• Zibby Wilder

A Harbour in a Storm

Updated: Jan 15



The story behind this photo of some photos is actually the story of the postscript within..."Where we eat breakfast". Which I will get to. But first: I've said it a million times to my clients, and now I say it again, if you're going to advertise that you have a blog, you better be blogging on it.


I say to myself: it's OK, lady. You need a break. No one will notice.


But the problem is: I notice. Every week in my planner I write for Monday morning, "update your blog." I have been writing that every Monday morning since April of 2019.


So that's how many Mondays that have passed? I swear, I'm not lazy. It's just...life. Right?


Just today I was going through the notes from my research of Georgia O'Keeffe's personal letters at Yale University's Beinecke Rare Book and Manuscript Library. I spent a chilly week there recently, muscling my way through bone-slicing winds from my tiny studio cave to the welcoming weight of the Beinecke's perfect, glowing symmetry. My Airbnb, located four stories up, was geographically, meteorologically, and aurally situated to enhance the cries of a relentless wind. The perfect square of the library, by contrast, offered a stalwart defense from the elements–a fortress for the written word and a soldier of silence for sleepless writers.



As I think back on it, I still get a chill. But the chill comes from the fact that this was not a "recent" experience - it was over TWO YEARS AGO. Really. I feel like it was a couple of weeks ago. So, here we get to my main point: where the hell does time go and is it OK to lose track of it to such an extreme?


I am allowing myself to say yes, this is OK. I am writing a book, in grad school, working, dealing with all those obligations of family and pets and home maintenance, and all of the things that pile up on each and every one of us. You get the point...we all have things going on and there is nothing quite like a global pandemic to change your life, alter your sense of time, sway your visions of what's important.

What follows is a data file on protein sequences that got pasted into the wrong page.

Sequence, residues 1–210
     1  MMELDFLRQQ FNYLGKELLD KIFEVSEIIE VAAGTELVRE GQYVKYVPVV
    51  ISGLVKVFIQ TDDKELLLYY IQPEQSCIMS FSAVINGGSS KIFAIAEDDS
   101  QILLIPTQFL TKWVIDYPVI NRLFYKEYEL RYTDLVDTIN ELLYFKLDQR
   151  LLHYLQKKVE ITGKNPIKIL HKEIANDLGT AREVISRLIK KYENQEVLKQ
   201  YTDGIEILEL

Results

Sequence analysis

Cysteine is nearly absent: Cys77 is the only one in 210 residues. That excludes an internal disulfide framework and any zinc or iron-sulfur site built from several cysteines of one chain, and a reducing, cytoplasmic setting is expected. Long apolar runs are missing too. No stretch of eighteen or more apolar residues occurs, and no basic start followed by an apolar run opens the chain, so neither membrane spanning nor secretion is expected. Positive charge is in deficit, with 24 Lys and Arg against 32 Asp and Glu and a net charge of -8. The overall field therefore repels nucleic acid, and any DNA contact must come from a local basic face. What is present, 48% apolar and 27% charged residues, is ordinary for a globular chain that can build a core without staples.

Anyway, all this said, I always look to history for comfort and insight and revelation.


As I looked through my notes from the Beinecke, I found these photos: a special place, where comfort was found, a friendship was formed, and lives were well-lived despite the surrounding chaos. Signifying so much more than "Where we eat breakfast", this simple group of stumps where Maria and Georgia would dine, says to me you can make something of nothing, make the ordinary extraordinary, find beauty where you choose, and even create a harbour to weather the most tempestuous of storms...




***Images courtesy Beinecke Rare Book and Manuscript Library, Yale University



There is more on this special spot to come...hopefully it won't take me so long to get around to it this time. Actually, I promise it won't. Stay safe out there and I hope you have a harbour in this long storm we all have to weather.






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